To walk into the new commons at Lewis and Clark High School is to feel the light.
From the white tiles to the high, sloped ceiling, the new building is bathed in white, like some invitation to a bright future.
“Now we just need some kiddos,” Principal Marybeth Smith said through her mask as she looked down from the upper level to the cafeteria.
It was empty save for a few staffers filling meal boxes for the noon hour. Someday there will be food fights, which on Tuesday morning didn’t seem like the worst thing in the world.
The halls, old and new, were barren. So, for the most part, were the classrooms, where teachers were at their desks and trying to impart lessons to faces on a laptop with no end in sight.
“I just feel so badly for the kids,” Smith said, pausing. “It’s hard for them to figure out how to function through this.
“But it’s also hard for the teachers. They’re crushing it, but they’re tired already … everybody keeps thinking about the kids.”
When they finally return, students will be greeted by a culture-changing addition to the historic campus.
Financed by capital bonds approved by voters in 2015 and 2018, the $23 million project was designed by NAC Architecture of Spokane.
It includes nine classrooms, the commons and a kitchen. The main building also received major improvements, including the repurposing of classrooms into two science labs and the kitchen into a general office suite.
At 35,000 square feet, it displaces part of what was a large lawn west of the main building, although about a third of the green space has been restored.
So have its treasures, including a Harold Balazs sculpture of the school’s namesake explorers and Sacajawea in a canoe, and other artwork and flora. Even the trees were replanted after spending more than a year in safe-keeping.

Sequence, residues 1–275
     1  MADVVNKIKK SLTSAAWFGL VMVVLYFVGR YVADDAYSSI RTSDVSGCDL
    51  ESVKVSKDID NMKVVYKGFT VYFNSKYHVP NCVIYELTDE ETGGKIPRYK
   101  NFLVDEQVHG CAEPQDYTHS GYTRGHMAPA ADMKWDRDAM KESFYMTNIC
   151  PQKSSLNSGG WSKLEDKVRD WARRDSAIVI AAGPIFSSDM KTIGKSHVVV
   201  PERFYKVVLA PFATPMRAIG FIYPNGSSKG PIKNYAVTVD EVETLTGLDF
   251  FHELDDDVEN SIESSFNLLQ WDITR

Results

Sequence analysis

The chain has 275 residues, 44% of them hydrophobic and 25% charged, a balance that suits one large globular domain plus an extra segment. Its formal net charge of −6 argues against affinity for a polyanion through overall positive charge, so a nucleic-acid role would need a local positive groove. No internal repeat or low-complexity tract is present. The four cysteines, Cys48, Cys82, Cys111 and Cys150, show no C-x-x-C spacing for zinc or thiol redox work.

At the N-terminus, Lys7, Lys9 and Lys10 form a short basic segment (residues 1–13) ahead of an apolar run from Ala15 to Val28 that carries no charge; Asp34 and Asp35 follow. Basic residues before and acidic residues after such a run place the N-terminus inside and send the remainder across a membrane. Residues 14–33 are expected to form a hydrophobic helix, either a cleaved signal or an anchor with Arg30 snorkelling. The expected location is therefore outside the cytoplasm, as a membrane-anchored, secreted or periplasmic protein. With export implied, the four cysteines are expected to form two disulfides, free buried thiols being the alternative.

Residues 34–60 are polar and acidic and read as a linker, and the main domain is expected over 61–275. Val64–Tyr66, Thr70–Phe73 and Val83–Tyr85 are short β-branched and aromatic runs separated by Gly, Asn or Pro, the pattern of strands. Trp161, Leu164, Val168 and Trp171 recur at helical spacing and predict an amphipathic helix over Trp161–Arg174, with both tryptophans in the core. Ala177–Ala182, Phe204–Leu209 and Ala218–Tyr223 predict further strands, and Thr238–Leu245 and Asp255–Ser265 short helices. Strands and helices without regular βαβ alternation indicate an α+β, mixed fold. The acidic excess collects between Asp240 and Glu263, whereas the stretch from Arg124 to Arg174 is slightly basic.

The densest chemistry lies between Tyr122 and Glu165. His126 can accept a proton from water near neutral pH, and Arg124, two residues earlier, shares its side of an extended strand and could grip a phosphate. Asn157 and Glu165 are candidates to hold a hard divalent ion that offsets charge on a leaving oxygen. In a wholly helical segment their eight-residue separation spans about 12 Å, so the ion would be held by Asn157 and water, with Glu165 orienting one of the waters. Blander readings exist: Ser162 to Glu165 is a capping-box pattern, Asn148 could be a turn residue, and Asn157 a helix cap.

The culture change will happen in the commons. No longer will students be forced to camp out in halls, snagging a pizza from carts that have become ubiquitous in the LC hallways.
“I won’t miss them,” Smith said. “I love having the hallways returned to us.”
When the students return to the main hallway, they’ll be tempted to walk toward the commons. At the old west entrance, terra cotta tiles join the two buildings.
At that point, everything changes. Not 50 feet from the entryway is a lounge that looks like it belongs in an airport with comfy chairs and a stand-up charging station. While standing there, students can look down at a giant screen and seating for up to 200.
“You can have presentations, guest speakers and other occasions where we had to use the auditorium,” Smith said.
They also won’t be distracted by the freeway noise, which was completely muted by the thick glass of the skywalk.
Most of the space belongs to the cafeteria, where up to 800 students can expect food delicious enough to keep them on campus instead of venturing to the fast-food joints on Third Avenue.
There’s still some work to be done. The entryway still needs a few more terra cotta tiles, and the vast space of the commons could use some artwork in addition to the two large friezes depicting George Washington.
Next month, the school will reach out to local artists’ groups for large works to grace the panels overlooking the commons.
That will be another way to unify the two buildings, although Smith said they’re more congruent than they first appear.
“You can hear them talking to each other,” Smith said.
Any harmonic convergence, however, won’t happen without some more people to bring the halls to life.
“You don’t realize how much energy you derive from having the kids around,” Smith said.
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